Whether it’s parenting during a pandemic or helping her globally distributed team transition to working entirely from home, the last year has offered no shortage of challenges for Kirti Bhogle. But thanks in part to Radiometer’s supportive culture, she and her colleagues have been able to take those challenges in stride. Below, Kirti shares what drew her to the company, what she’s learned as a manager during COVID-19, and what she’s excited about in the years to come.
I’m a manager in the software department of our Research & Development organization; we work on developing new medical and in-vitro devices. It’s my job to plan projects and establish the process we’ll follow, then keep things on track for release. That includes a lot of stakeholder communication—collaborating closely with our colleagues on the hardware side in Electronics, Mechanics, Chemistry, Compliance, and QA to understand what they need, and then translating those requirements at the product level. Because Radiometer makes diagnostic equipment and other devices used to treat patients, we must meet precise standards. We can build in all kinds of fancy functionality, but it won’t matter if it doesn’t meet regulations or keep people safe.
From there, my job is really about mentoring my team and helping them execute, whether that’s giving them clarity on a task or just asking if they have any hiccups and removing impediments to their work. We have close to two dozen people, half here in Denmark and half in Bangalore, India, where Radiometer has a development center, and we also sometimes interface with a project team in San Diego at SenDx, which is another one of Danaher’s businesses under Radiometer America.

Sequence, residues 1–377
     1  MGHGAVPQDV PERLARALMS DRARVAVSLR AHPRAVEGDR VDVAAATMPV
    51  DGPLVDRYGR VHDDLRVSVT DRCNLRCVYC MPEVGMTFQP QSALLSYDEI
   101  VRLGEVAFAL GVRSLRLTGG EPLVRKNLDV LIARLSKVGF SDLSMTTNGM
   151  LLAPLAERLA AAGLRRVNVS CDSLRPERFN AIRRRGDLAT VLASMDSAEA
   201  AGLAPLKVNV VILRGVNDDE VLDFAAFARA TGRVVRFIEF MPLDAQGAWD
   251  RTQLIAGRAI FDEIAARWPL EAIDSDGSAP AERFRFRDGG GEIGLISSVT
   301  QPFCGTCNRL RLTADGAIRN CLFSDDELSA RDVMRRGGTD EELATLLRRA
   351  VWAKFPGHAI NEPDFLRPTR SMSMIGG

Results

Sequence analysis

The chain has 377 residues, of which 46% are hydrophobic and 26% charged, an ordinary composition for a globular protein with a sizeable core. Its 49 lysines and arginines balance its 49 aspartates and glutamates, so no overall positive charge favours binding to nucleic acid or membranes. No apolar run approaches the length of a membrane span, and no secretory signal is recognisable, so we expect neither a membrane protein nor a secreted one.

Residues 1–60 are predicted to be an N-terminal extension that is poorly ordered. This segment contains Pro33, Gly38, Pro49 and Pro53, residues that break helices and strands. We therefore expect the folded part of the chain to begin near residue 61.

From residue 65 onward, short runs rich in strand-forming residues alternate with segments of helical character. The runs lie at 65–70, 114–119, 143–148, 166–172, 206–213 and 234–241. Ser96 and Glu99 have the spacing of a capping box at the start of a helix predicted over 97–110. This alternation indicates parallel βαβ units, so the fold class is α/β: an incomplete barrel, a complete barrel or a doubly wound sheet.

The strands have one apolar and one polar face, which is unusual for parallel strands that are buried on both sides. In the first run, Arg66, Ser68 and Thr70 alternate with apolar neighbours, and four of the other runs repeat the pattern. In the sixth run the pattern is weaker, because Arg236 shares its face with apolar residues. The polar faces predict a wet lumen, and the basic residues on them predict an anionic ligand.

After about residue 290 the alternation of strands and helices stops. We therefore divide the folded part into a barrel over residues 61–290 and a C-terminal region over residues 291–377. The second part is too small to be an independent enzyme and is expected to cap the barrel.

I studied computer applications in India, where I’m from, and after I finished my master’s I started working for a consultancy there, managing a team that worked for various clients. One of those clients was based in Denmark, and I ended up moving here for a year to work on a project. They asked me to stay as an employee, but I wanted to go back home and start a family.
I did, and my son was born in 2009, but it was tough—I was working 12 to 14 hours every day, and I felt like I wasn’t giving him enough time. I knew from living in Denmark that the norms around work-life balance were very different, so I got in touch with the company I’d been at before, and they offered me a position. I worked there for several years, and then Radiometer reached out. At the time, they were just starting to build the distributed team in both Denmark and India, and they thought I might be a good fit.
It was a completely new domain for me; I’d never worked in medical devices. As I learned about the product, I was intrigued. I remembered having to get blood tests when I was pregnant, and how critical it was that those results were correct. I liked the idea of being able to contribute to that process in some way and make a difference.
I feel like the company has really invested in not just what I need to complete a project, but my own personal development. When I joined, there was a well-defined onboarding plan, and it was customized to my background. I had a lot of mentoring from not only my own manager but the specialists we work with in project management and compliance. And the guidance went beyond just a few hours of training—it was continuous support until I felt completely confident on my own. There are also a lot of opportunities to learn new tools and skills here, not only through the Danaher Business System but externally as well. For example, when we decided to implement a SAFe workflow, which stands for scaled agile framework, I was able to get certified and do a six-day training.
I started at Radiometer as a project manager, and I’ve also had a lot of support moving into my current role—even in terms of deciding whether I wanted it at all. My boss and the management team thought I could succeed in a people management role, but they didn’t push or just throw me into it. We talked about what it would take, the challenges I’d face, and the training I’d need, especially managing a team that’s located all over the world. I decided to go for it, and now I’ve brought on my first new team member and we’re in talks about expanding the team further.